Springs' murder case drama underscores major dilemma

There is a drama unfolding in a Colorado Springs' courtroom that occurs all too often out of view. It concerns the case of George Woldt, convicted of the wanton abduction, torture, rape and murder of college student Jacine Gielinski in 1997.

By Bill Blomberg
Posted 8/30/00

There is a drama unfolding in a Colorado Springs' courtroom that occurs all too often out of view. It concerns the case of George Woldt, convicted of …

This item is available in full to subscribers.

Please log in to continue

Username
Password
Log in

Don't have an ID?


Print subscribers

If you're a print subscriber, but do not yet have an online account, click here to create one.

Non-subscribers

Click here to see your options for becoming a subscriber.

If you made a voluntary contribution in 2019-2020, but do not yet have an online account, click here to create one at no additional charge. VIP Digital Access includes access to all websites and online content.


Our print publications are advertiser supported. For those wishing to access our content online, we have implemented a small charge so we may continue to provide our valued readers and community with unique, high quality local content. Thank you for supporting your local newspaper.

Springs' murder case drama underscores major dilemma

There is a drama unfolding in a Colorado Springs' courtroom that occurs all too often out of view. It concerns the case of George Woldt, convicted of the wanton abduction, torture, rape and murder of college student Jacine Gielinski in 1997.

Posted

There is a drama unfolding in a Colorado Springs' courtroom that occurs all too often out of view. It concerns the case of George Woldt, convicted of the wanton abduction, torture, rape and murder of college student Jacine Gielinski in 1997.

The victim's mother wants Woldt executed. Woldt's mother wants him to be spared.

This type of drama is common in most capital punishment cases. It illustrates one of the strongest objections to the use of capital punishment - that executing a criminal, no matter how much that criminal might deserve it, creates other innocent victims, namely family members of the guilty.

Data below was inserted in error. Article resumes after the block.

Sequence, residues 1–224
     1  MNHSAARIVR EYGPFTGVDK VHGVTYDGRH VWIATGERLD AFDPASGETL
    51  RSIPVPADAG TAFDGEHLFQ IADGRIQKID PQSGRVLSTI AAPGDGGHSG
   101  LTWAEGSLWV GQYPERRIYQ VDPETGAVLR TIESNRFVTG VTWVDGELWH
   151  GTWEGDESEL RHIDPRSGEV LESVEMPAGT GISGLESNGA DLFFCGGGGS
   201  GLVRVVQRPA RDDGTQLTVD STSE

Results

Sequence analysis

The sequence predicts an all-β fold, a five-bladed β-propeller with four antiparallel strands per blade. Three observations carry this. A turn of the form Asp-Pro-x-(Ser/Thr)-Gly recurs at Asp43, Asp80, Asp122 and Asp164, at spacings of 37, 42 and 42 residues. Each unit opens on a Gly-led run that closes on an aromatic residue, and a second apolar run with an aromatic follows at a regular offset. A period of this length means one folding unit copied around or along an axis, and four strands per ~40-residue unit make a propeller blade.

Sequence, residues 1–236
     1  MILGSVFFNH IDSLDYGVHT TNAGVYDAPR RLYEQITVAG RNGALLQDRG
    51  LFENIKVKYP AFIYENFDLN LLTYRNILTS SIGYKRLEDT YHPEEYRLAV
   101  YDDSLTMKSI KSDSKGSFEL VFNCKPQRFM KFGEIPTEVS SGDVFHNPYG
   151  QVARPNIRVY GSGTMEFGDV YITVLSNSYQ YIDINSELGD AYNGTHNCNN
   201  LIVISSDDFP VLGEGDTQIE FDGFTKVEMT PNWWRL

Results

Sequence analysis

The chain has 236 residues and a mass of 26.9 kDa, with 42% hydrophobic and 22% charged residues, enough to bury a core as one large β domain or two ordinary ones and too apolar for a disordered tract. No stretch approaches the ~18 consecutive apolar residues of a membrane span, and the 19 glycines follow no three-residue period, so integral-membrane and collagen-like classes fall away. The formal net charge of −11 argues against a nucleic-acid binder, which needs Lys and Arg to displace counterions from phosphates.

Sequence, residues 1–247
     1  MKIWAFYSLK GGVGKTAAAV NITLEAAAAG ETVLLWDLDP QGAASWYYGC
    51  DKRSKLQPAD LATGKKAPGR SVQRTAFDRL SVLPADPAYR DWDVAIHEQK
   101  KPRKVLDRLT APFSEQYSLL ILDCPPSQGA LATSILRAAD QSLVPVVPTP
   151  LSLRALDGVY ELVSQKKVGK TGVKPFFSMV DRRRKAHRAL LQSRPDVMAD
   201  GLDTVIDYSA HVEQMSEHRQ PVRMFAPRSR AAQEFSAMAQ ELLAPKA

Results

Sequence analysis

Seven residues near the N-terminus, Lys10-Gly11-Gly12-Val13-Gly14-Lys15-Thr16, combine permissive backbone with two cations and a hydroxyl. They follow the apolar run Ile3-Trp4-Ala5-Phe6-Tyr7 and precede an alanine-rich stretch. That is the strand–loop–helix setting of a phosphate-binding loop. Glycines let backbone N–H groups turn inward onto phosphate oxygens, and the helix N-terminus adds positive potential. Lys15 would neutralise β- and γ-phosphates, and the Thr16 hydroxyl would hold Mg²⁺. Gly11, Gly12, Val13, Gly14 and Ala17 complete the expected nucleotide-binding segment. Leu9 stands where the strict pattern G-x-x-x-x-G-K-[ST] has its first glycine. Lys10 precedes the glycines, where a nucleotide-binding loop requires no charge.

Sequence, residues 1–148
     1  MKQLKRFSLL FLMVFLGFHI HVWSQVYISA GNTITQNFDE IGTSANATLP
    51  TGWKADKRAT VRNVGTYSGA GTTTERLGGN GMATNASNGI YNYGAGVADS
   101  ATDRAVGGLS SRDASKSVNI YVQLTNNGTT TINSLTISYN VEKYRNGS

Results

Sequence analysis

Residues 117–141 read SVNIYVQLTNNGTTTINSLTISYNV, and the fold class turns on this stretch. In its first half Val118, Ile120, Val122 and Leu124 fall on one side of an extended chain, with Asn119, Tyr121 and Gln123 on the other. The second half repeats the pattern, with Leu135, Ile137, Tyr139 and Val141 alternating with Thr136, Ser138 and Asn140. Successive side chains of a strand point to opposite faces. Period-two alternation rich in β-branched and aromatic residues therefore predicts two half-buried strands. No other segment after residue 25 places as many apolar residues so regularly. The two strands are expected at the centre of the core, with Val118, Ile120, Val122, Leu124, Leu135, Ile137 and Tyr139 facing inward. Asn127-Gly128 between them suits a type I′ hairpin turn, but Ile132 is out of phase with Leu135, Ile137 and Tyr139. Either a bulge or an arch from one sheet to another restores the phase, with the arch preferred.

Gielinski's mother, Peggy Luiszer, distraughtly testified to the three-judge sentencing panel about the enormity of the loss she suffered as well as the horror her daughter must have experienced at the hands of her tormenters.

The inherent evil of Woldt is not in question - his own mother is Korean and apparently Woldt never accepted his Asian ancestry and wished his mother dead for having had him.

This is clearly a troubled and extremely dangerous young man. Rehabilitation is not thinkable.

But none of this can change the fact that he remains his mother's child. To execute him would further wound her heart, if that is even possible.

Yet that is exactly what the state wants to do. Using testimony from the victim's family, while perhaps therapeutic for those next-of-kin, is necessarily highly emotional and inflammatory and cannot be the basis for a policy or sentencing decision.

We can all well imagine the depth of suffering felt by Mrs. Luiszer, and we can be sure that time will never heal her wound or undo the deed.

Nonetheless, making Woldt's mother into yet another childless mother is no solution.

Last week a teen-ager who shot and severely wounded a Lakewood policeman was sentenced to the maximum of 16 years. His father allegedly yelled threats to the officials promoting that sentence.

We cannot say here that the father is a gratuitous victim and that the son must be released to appease the father's suffering.

Rather, society needs to defend itself from people like that kid and if the father doesn't like it, he will have to come to terms with his son's imprisonment as best he can.

Why don't we just say then that Woldt's mother will just "have to come to terms as best she can" with her son's execution, should that eventuality take place?

The reason is simple - while society is made safer (at least for the time being) with the incarceration of the teen-age cop-shooter, society is never safer for having executed someone in lieu of giving them life without parole.

All that is accomplished is that an emotional desire on the part of some for a pound of flesh is sated.

Timothy McVeigh committed one of this country's most horrific crimes when he killed 168 and maimed many others by his bombing in Oklahoma City. Surely, if anyone deserves to die, it is he.

But when we see the distraught face of his father in an interview, we have to ask - should we make this seemingly average, good man wake up one day knowing that his son will be put to death that night? Knowing that his death will do absolutely nothing to undo the crime and will do nothing to make us safer?

Executing criminals might appease some primeval urge for revenge, but in this age where we have ample resources to incarcerate the guilty securely and in perpetuity, it is extraneous.

We have to get beyond our emotions and stop creating new victims to appease old ones.

Bill Blomberg lives near Parker.

Comments

Our Papers

Ad blocker detected

We have noticed you are using an ad blocking plugin in your browser.

The revenue we receive from our advertisers helps make this site possible. We request you whitelist our site.